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Hopkins Improv Class Helps Tech-Minded Students Communicate With The Rest Of Us

BALTIMORE (WJZ) — A stereotype is defined as an oversimplified image of a person or group.

We’re all told not to stereotype people, but what if a group feels their stereotype is correct?

Like some Johns Hopkins engineering students, for example.

There’s a lot they understand that your average Joe cannot, but they have weaknesses, too.

“Public speaking is something that I’ve heard 90 percent of all people fear,” says Michael Hartwell, the education director for the Baltimore Improv Group.

Hartwell is also an adjunct faculty member at Hopkins, where he teaches improv to science and engineering students.

The students taking the class realize, no matter how smart they are, they will be judged by their conversational skills in the real world.

“Especially since I will be going into finance and doing quantitative analysis, but it’s so important to have the communication skills to be able to talk and explain what you’re saying,” says Megumi Chen.

They participate in exercises to improve their listening skills, and practice accepting what someone else is saying and adding to it.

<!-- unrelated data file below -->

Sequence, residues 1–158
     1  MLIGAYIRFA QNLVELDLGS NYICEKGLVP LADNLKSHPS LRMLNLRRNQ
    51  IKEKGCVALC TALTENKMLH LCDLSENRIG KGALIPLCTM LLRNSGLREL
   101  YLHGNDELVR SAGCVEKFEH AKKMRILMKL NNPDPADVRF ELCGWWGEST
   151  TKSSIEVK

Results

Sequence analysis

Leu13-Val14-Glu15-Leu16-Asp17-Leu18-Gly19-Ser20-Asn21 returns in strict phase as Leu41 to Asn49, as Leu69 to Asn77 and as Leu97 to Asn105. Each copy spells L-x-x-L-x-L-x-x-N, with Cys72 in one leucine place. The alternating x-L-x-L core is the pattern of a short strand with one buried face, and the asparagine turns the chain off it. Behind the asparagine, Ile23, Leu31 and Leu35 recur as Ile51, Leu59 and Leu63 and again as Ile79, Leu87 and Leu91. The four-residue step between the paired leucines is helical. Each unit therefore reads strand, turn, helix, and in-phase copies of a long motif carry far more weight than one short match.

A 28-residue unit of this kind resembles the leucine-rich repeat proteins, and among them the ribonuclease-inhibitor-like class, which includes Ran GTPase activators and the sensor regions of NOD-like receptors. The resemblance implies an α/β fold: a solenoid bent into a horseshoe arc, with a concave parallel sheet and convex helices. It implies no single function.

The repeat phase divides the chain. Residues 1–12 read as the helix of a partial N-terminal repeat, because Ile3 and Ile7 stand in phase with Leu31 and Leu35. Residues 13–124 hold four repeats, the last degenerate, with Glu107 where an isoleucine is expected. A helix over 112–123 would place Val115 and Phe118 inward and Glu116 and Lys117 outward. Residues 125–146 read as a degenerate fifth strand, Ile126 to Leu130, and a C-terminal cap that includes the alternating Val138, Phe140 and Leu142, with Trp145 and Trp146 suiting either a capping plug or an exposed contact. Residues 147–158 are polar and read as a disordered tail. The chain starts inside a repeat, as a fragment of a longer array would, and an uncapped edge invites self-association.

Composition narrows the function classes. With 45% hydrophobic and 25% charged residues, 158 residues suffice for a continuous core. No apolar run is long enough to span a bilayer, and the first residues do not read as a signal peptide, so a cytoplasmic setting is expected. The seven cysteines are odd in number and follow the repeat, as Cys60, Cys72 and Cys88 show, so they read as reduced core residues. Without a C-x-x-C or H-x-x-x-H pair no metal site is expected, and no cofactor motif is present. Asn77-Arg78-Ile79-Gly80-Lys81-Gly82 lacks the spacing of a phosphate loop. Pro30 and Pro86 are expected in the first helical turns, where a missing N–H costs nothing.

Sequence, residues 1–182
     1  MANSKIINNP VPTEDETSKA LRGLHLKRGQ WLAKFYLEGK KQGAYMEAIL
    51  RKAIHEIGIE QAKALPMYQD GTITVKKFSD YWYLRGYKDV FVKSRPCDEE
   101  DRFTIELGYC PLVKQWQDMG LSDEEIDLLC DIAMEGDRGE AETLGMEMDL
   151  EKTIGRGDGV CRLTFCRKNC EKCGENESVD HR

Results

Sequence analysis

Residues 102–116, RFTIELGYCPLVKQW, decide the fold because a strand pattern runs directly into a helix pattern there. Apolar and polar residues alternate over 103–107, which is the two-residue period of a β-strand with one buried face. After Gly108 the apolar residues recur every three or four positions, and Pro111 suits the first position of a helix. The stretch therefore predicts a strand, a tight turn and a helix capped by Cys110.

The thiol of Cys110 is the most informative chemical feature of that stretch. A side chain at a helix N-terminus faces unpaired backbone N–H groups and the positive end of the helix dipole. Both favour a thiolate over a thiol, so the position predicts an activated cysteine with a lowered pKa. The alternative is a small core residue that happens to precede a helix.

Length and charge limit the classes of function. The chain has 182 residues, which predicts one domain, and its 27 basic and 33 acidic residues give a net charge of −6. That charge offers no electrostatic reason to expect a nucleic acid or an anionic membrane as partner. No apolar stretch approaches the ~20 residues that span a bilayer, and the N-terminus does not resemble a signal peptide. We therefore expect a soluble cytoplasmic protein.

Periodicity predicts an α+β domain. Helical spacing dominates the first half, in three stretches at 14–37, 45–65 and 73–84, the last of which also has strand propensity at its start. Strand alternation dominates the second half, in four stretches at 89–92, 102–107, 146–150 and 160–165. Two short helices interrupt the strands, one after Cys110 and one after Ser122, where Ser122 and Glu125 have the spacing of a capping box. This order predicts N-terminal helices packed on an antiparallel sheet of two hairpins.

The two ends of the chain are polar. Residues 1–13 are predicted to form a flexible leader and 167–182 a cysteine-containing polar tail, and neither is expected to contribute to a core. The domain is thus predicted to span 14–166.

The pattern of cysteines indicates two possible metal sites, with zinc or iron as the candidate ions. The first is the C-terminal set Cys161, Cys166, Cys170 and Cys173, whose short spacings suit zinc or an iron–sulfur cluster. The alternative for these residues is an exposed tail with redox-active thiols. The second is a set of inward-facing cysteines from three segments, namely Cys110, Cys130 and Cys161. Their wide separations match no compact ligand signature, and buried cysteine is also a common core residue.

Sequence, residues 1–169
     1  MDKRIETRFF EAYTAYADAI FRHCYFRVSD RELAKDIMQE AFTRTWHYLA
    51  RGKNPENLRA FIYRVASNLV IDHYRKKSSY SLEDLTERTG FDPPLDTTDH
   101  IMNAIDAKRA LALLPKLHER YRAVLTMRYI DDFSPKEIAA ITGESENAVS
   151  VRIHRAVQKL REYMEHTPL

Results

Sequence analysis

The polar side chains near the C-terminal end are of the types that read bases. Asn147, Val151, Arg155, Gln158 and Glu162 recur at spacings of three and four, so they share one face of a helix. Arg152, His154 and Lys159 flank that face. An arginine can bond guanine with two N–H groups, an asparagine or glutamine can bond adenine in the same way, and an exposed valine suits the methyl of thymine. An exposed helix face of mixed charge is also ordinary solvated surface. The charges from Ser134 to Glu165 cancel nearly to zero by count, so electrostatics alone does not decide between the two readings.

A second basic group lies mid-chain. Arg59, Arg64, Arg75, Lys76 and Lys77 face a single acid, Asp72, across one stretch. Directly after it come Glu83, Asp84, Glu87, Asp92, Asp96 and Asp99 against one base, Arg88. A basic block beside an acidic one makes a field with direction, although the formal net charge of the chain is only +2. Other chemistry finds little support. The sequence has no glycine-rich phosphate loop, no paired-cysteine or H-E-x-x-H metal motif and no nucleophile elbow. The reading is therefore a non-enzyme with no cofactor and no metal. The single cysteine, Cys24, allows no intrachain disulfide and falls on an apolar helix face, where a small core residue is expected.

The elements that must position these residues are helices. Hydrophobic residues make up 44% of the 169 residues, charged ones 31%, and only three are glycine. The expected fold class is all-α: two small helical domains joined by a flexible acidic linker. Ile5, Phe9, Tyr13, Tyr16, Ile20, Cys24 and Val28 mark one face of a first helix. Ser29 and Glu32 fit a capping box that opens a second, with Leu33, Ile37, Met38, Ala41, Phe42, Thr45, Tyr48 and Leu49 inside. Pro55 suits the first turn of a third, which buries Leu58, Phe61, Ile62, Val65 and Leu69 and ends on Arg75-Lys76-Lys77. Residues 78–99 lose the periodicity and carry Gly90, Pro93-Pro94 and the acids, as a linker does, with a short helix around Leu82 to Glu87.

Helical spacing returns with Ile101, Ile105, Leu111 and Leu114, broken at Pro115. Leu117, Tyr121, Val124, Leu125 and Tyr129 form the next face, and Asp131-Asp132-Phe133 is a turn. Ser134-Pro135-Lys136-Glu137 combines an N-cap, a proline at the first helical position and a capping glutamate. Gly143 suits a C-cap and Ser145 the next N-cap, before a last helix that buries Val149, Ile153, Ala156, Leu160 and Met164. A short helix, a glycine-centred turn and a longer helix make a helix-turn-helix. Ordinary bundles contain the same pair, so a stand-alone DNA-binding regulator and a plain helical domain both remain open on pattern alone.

“With improve, there are no solid answers,” Hartwell says. “There’s nothing objective about improv, it’s very subjective. It’s very go-with-the-flow.”

Some parents do question it.

“I told my mom in the beginning of the year and she was like ‘Raphael, why are you taking this class? Like you could have been taking another math class or something!,” one student says.

But her tune changed when he credited the class with helping him land an internship.

Other students also say their interactions with non-technical people have improved.

Tia Aquart also just had an interview for an internship.

“I was able to like, you know, kick it off with him and be able to have a good and meaningful conversation and a really good interview,” she said.

Hartwell is happy to hear that.

“I think that they’ll have a newfound confidence in their ability to talk to anyone about anything,” he says. “Not just the work environment, I think it helps you recognize that you can fit in anywhere.”

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